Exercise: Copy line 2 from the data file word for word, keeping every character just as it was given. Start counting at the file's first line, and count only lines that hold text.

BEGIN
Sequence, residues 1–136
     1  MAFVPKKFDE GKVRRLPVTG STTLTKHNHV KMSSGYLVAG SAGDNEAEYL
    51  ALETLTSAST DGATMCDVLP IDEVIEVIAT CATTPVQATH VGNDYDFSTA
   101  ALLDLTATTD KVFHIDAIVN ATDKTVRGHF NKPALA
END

     1  MAFVPKKFDE GKVRRLPVTG STTLTKHNHV KMSSGYLVAG SAGDNEAEYL